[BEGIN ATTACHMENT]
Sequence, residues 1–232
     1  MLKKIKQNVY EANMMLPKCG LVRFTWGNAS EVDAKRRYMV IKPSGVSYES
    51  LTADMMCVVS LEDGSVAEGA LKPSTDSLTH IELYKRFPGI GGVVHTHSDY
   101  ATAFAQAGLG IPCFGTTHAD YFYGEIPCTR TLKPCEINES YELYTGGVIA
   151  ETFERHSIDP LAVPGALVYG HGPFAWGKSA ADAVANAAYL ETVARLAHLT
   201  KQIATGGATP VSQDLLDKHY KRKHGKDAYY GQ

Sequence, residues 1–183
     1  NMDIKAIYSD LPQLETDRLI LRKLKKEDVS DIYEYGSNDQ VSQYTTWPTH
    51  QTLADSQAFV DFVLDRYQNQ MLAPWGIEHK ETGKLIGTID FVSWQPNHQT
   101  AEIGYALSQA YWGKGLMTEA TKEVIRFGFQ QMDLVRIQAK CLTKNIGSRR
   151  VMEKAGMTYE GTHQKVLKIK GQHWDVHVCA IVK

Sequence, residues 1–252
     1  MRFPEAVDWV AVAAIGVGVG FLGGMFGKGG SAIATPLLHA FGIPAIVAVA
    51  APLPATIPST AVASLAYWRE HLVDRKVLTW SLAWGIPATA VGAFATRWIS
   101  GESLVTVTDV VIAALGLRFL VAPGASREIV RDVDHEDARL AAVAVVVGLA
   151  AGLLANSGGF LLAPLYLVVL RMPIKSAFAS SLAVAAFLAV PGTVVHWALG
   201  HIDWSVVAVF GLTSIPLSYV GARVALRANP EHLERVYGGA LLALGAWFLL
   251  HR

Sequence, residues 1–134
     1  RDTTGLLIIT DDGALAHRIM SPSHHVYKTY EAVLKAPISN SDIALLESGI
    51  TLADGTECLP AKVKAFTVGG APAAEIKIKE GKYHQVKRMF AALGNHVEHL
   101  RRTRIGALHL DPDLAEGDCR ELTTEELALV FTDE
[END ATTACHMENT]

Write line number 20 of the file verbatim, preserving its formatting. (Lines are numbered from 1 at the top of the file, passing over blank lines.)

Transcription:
     1  RDTTGLLIIT DDGALAHRIM SPSHHVYKTY EAVLKAPISN SDIALLESGI